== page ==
In late January 2019, the Council of Ministers approved instructions for forecasting effects of new regulatory legal acts6, which introduces a quite innovative idea that effects of laws and regulations should be analyzed before they take effect, and that forecasts can be made not only in quiet ministerial offices, but also through public discussions and proposals filed by individuals.

The establishment of the Belarusian Institute for Strategic Research, a state think tank, was announced in February. It is meant to provide more professional expert support for the lawmaking activities of the state. The Institute is engaged in strategic analysis of everything that is related to foreign and domestic policies of Belarus and working out recommendations to government agencies. The BISR took over from the Information and Analytical Center at the Presidential Administration, which was severely criticized in 2017 by the president for half-baked research.7 The new think tank is expected to render services not only to the president, but also to the Council of Ministers, the Security Council and other institutions.

Despite these useful government initiatives, it seems that a number of last year’s major decisions were made without analyzing possible impacts, merely basing on political and market considerations. For example, in coordination with the Security Council, the Ministry of Defense submitted and the parliament passed the bill ‘On Amendments to the Laws on the Effective Functioning of the National Armed Forces’, popularly known as the “law on deferments.”8 This took just three months after the bill was announced in March. According to the new law, young people liable for military service can only be granted a draft deferment once. This means that all who want to continue education in graduate schools must serve in the army for at least a year and a half.

Educational professionals reasonably warned that this would trigger a massive outflow of graduates who seek scientific careers to foreign universities. Much was said about the damage that the law would cause to the future of Belarusian science and knowledge-intensive sectors of the economy. However, these arguments were dismissed by the ideologically motivated president and the government. In response, they only proposed punitive measures, such as a travel ban for draftees, who have already been granted one deferment, and a ban from public offices and some professions for those who did not serve in the army as prescribed by the law.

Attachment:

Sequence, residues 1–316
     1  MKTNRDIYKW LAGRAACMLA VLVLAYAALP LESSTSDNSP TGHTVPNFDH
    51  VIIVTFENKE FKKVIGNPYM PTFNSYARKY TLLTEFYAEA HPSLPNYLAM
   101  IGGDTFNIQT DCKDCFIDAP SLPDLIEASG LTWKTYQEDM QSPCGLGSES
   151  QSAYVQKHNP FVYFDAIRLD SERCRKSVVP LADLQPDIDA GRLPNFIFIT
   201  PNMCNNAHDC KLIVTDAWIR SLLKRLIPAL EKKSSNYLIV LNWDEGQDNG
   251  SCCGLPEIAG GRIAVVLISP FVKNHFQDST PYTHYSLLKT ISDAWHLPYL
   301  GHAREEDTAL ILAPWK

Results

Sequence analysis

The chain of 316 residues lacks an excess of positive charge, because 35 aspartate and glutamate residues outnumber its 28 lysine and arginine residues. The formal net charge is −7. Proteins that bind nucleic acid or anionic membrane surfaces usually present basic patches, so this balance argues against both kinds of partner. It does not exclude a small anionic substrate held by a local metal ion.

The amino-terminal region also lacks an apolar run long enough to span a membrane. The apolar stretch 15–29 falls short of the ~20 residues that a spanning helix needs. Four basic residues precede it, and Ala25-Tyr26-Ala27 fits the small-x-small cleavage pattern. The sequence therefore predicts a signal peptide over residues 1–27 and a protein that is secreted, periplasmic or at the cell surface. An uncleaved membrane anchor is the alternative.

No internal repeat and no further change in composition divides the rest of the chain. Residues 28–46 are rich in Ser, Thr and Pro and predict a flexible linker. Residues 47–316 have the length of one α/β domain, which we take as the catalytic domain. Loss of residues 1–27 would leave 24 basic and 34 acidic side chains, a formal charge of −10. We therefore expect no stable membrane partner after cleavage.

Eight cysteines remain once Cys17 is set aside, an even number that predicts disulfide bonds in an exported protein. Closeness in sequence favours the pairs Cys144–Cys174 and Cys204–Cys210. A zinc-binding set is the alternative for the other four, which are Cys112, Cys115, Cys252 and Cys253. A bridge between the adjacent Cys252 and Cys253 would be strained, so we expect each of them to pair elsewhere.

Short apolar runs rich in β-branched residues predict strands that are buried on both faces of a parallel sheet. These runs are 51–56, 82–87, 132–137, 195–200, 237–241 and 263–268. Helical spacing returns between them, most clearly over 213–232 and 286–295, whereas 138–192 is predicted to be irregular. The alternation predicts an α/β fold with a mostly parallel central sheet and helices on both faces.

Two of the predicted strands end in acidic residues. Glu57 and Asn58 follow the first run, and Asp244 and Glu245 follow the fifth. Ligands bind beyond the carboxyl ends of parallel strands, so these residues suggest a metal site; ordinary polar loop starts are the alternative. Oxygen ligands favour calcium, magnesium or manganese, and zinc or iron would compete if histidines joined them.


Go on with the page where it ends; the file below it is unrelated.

Regional development: political contradictions

In February, the Sergei Rumas Government took the first step towards a systematization of regional policies, in particular the assignment of districts to the category of lagging behind in terms of socio-economic development. Supposedly, this aimed at coping with the task that the government set itself in 2018: to bridge life quality gaps between the regions. The standard of living will be defined as an aggregate indicator calculated according to a special method. If it is below 72%, the region is considered lagging behind.9

First Deputy Prime Minister Alexander Turchin said at a meeting of the Economy Ministry Board that the low economic activity in such regions is a threat to national economic development and this issue may be resolved by pegging incomes of regional officials to local business activity growth. However, as was said at the meeting, local executives were afraid to assist in establishing and expanding new enterprises, fearing allegations of corruption.

Local officials believe that businesses can only be assisted by expediting approvals (even, sometimes, in defiance of the law) and persuading state bodies (for example, the Ministry of Emergencies) not to put obstacles in investors’ way.

As the deputy prime minister said, adequate bonuses to public officers for promoting local business activity would solve this problem.